IUCN threat status:

Vulnerable (VU)

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Cupressus sargentii is a California endemic conifer found in elevations from 200 to 1000 meters, with a bioregional distribution that consists of the North Coast Ranges, San Francisco Bay Area and South Coast Ranges. The species has a high affinity for serpentine soils and is usually found in the following plant communities: Sargent cypress woodland, closed-cone-pine/cypress, yellow-pine forests, chaparral.

Sargent Cypress woodlands are a recognized plant community, which occur in coastal portions of Mendocino, Sonoma, San Mateo, Santa Clara, Monterey, San Benito, San Luis Obispo and Santa Barbara Counties as well as portions of the San Francisco Bay region. The Cedars in Sonoma County is an example of a Sargent Cypress coastal site. In more protected inland locales this woodland type may extend into a riparian zone where summer fogs persist. Grey Pine (Pinus sabiniana) may occur with Sargent Cypress in northern California. Leather Oak (Quercus durata) is often a dominant shrub in Sargent cypress woodland, also having ultramafic affinity.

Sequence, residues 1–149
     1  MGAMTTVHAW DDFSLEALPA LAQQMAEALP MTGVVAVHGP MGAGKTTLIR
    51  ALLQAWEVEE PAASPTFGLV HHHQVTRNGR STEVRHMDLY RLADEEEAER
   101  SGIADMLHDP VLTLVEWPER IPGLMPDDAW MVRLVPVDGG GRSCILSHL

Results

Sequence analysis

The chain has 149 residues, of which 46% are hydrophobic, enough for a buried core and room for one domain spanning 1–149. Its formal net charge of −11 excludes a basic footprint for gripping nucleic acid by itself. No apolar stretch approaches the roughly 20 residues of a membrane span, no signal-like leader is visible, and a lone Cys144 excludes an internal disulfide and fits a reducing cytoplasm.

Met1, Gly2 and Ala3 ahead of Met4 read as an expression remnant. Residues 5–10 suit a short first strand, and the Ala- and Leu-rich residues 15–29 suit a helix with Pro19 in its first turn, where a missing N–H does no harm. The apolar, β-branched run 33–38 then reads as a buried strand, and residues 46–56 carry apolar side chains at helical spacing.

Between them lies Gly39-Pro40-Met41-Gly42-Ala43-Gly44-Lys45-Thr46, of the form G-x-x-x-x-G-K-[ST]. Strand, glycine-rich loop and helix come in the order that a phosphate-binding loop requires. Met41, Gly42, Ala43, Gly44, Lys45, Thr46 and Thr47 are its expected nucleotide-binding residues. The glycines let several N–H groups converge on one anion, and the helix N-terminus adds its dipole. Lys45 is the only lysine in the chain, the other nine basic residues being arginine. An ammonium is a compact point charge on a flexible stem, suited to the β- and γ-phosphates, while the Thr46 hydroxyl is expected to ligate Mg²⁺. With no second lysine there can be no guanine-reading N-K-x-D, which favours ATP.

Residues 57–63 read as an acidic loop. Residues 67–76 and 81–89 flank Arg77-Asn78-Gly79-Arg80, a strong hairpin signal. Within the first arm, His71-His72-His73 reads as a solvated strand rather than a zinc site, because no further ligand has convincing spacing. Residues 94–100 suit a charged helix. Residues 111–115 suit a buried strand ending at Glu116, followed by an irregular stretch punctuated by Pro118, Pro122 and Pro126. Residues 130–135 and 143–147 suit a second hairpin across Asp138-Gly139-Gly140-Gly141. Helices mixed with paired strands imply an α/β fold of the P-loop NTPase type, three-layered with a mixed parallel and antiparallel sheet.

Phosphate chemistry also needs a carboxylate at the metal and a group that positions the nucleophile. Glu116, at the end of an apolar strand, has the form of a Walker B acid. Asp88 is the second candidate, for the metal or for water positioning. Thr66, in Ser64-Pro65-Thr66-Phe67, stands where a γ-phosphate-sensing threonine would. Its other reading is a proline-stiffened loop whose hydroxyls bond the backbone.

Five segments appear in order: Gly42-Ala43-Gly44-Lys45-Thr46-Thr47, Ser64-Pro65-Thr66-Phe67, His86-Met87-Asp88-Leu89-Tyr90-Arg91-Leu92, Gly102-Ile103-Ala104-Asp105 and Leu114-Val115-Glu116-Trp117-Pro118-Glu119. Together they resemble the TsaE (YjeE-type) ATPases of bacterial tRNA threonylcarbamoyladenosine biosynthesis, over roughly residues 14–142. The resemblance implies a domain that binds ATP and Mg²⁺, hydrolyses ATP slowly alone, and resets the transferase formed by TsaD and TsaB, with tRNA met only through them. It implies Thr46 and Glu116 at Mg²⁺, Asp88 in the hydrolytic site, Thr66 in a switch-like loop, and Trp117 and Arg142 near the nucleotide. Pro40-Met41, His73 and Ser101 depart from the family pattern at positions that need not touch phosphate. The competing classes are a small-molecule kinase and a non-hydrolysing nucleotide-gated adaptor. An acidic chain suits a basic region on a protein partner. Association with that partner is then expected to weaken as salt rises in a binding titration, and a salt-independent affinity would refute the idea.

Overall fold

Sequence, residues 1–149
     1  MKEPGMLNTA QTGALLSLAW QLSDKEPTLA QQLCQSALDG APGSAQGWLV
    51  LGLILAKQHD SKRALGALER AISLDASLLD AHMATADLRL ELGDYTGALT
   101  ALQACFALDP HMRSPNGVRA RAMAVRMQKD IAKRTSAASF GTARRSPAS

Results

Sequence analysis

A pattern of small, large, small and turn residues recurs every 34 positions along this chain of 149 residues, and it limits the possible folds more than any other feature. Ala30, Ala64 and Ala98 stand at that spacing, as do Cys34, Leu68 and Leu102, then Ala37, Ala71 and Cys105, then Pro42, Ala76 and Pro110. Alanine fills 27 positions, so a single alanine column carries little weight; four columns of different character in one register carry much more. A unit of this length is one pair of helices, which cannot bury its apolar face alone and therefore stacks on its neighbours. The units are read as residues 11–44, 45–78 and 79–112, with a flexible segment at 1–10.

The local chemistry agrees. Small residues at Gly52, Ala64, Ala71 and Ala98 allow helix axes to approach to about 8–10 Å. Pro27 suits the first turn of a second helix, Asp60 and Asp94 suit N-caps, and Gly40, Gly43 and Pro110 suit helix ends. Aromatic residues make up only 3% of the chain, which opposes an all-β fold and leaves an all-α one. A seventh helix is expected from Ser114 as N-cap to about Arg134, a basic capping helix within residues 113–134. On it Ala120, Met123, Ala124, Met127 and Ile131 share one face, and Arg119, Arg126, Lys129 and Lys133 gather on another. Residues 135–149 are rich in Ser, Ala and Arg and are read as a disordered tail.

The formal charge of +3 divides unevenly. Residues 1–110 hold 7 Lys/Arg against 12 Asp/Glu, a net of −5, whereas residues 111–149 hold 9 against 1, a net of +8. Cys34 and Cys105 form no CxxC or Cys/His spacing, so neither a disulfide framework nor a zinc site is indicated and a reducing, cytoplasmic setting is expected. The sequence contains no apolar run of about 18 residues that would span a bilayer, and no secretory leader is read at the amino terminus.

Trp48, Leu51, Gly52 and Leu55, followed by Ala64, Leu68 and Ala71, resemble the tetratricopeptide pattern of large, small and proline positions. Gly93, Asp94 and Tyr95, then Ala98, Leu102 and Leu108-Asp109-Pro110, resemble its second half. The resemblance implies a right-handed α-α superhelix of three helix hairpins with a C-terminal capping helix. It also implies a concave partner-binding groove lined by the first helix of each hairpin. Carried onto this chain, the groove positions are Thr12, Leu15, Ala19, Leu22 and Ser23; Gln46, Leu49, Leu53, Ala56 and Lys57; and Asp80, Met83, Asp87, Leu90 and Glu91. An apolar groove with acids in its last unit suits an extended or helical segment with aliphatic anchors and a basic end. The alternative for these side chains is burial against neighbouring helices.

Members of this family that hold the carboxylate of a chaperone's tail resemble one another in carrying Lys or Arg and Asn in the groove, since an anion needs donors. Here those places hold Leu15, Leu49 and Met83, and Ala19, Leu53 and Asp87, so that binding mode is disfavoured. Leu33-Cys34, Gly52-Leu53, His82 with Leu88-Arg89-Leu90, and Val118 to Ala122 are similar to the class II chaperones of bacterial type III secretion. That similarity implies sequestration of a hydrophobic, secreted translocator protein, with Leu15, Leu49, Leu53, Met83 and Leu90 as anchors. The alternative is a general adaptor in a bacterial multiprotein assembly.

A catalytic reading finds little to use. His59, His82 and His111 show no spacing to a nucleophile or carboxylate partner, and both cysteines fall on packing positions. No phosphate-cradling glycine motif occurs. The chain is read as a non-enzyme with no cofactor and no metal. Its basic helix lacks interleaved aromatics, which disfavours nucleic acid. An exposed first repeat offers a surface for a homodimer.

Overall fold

Sargent cypress typically attains a height of ten to twenty meters. Its trunk bark is fibrous, thick, gray or dark brown to almost black. The young shoots are four-sided and cylindric and measure 1.5 to 2.0 mm in diameter. Leaves are dull, dusty green to grayish green. Pollen cones are three to four mm long and two mm in diameter. Spheric shaped seed cones are 15 to 30 mm in size, and display rough-surfaces; these seed cones are dull brown to gray, with six to ten scales having inconspicuous projections. The dark brown seeds are five to six mm long and generally glaucous.

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Supplier: C. Michael Hogan

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